What about us? We are all very ordinary human beings living at the southern tip of this continent. Are there possibilities for us in the planting of footprints? Are there possibilities for us to impact on the lives of people so that the memories of our names can also go down in the history of time? Are there things that we are doing that are so dramatic that they impact on the lives of others to such an extent that others remember us and will continue to remember us? Is there a possibility that, that remembrance of us in the hearts of people is part of their supplication for us, and has all been decreed by Allah Almighty? My whole understanding of things tells me that the answer is “yes”.
We have to understand that despite the smallness of our group, the work that we engage in has to do with Allah Almighty, has to do with His work in the course of history. When people recite Shahadah in our presence, this is God’s work, and what we have done becomes part of the historical memory of this community. It is through these historical memories that we bring about, that memories last. When we build mosques and an Adhan goes off and when we provide facilities for people to make dhikr and to pray, we impact on their lives. This impact has to do with changing the ways they lived previously; whether they remember our names or not, the changes in their lives will last, and will bring changes in the lives of their descendants. And with these changes, the memory of at least our work lives on. In future time they need not look for us in the graveyards. Our bodies will be there but in future if people want to find us or want to know where we are, they will find us in the hearts of others; those whose lives we have impacted on.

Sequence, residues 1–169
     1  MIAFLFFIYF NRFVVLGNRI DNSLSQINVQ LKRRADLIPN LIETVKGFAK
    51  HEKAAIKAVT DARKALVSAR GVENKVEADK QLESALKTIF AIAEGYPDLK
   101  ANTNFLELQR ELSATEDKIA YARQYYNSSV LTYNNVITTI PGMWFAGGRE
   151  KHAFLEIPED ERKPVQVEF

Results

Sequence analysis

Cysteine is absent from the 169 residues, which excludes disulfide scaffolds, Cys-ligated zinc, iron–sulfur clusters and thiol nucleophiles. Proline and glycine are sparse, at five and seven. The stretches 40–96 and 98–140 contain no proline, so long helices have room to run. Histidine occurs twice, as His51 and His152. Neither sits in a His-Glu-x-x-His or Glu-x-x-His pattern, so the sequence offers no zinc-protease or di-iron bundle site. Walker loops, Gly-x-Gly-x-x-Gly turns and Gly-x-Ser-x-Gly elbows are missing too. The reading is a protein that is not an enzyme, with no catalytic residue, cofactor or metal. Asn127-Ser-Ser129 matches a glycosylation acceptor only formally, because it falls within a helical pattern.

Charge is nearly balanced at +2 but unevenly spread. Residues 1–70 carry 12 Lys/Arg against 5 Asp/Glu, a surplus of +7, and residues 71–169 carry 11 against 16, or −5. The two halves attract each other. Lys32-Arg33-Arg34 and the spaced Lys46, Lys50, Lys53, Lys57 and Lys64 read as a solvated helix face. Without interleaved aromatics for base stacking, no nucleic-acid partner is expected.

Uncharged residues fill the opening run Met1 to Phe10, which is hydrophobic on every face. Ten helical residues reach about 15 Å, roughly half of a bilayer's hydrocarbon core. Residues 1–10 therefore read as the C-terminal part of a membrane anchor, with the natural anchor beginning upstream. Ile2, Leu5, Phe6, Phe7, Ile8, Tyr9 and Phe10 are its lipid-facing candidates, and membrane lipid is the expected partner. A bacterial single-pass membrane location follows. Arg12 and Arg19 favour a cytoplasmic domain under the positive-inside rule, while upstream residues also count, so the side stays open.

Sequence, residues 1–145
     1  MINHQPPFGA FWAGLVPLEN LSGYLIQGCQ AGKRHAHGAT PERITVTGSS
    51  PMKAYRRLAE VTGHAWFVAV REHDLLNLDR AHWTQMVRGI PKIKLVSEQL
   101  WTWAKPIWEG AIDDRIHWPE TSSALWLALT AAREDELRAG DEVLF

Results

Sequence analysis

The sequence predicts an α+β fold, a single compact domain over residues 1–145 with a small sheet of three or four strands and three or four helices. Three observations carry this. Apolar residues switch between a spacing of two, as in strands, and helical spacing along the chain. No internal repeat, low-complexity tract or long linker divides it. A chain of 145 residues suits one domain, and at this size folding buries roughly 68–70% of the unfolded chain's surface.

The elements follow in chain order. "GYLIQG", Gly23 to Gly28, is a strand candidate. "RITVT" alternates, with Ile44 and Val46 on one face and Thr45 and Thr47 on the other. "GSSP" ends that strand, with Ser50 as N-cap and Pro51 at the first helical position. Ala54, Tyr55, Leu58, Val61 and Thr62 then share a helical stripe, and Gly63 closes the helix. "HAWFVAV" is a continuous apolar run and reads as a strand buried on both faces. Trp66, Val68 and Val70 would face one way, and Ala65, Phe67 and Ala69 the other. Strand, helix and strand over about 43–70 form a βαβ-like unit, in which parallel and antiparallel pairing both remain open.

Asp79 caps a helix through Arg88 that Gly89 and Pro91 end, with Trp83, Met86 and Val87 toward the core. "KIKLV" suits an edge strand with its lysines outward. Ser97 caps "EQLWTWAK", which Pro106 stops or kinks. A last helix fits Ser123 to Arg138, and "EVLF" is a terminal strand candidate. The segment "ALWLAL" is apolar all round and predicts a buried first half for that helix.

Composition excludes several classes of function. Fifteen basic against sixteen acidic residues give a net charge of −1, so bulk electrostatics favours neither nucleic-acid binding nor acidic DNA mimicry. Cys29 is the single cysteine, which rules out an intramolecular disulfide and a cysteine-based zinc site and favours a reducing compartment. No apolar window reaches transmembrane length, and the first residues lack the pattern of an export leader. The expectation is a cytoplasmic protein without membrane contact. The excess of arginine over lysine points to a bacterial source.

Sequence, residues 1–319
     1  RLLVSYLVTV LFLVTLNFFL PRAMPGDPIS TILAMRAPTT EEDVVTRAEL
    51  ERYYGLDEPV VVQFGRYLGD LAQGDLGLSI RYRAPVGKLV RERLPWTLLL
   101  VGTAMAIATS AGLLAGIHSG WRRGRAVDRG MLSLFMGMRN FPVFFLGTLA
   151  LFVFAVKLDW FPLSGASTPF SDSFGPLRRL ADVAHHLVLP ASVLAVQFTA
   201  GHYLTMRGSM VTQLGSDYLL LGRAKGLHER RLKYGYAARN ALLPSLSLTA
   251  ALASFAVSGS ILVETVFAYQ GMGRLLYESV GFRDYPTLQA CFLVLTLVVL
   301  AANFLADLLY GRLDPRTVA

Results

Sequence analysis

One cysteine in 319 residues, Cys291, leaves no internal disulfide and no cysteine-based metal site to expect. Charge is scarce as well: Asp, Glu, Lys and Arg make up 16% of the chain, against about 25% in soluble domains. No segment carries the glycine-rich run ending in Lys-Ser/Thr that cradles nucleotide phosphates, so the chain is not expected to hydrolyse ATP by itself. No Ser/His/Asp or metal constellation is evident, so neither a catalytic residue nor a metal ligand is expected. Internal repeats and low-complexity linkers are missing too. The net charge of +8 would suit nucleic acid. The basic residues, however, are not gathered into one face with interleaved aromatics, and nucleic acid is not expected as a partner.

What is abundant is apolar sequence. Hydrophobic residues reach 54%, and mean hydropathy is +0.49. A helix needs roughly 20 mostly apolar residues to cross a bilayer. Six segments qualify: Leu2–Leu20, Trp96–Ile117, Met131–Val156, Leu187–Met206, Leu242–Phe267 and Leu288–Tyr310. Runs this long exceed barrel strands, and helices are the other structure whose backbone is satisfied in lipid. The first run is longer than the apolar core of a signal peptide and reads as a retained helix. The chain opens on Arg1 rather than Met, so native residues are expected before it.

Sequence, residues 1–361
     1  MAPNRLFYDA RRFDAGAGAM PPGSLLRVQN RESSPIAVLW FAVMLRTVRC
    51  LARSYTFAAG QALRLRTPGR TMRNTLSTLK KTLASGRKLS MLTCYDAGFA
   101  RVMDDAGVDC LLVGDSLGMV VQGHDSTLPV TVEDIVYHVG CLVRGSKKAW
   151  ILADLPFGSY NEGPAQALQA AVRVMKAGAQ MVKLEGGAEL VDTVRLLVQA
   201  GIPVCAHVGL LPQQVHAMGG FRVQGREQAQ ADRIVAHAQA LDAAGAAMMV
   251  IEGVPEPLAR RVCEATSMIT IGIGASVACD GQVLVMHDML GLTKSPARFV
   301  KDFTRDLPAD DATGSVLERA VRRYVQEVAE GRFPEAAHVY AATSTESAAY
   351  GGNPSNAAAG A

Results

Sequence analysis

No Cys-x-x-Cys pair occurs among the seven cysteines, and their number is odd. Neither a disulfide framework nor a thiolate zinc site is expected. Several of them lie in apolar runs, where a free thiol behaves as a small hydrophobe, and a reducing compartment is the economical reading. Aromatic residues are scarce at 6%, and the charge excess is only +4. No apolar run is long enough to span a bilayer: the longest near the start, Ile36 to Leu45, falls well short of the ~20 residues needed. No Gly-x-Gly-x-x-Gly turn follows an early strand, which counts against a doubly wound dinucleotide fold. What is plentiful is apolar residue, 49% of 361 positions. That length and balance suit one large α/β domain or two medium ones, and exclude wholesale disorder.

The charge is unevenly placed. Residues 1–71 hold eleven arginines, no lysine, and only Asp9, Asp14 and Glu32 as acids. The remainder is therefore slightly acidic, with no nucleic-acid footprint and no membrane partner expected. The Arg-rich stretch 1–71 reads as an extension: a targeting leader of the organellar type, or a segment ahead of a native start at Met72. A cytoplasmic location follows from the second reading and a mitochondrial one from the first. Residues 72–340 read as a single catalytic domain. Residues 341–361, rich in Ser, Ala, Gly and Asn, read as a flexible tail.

As I sit here dictating, I do not know whether there is a greater legacy for anyone to leave behind. This is not a legacy of goods or material things, but it is a legacy of having worked in our Lord’s Cause, a legacy that lives on and on, continuing to impact on the lives of others. There is sometimes talk of leaving material things behind from which others can profit, but the greatest things to leave behind are those legacies which have changed the lives of others. Our legacies are religious ones, because it has to do with the hearts, and so as long as hearts beat, our legacies will be there; the legacy of the Naqshbandiyyah-Muhammadi Tariqah of Southern Africa, amin.
[Letters to Seekers on the Spiritual Path Vol 2 – Unpublished 2012]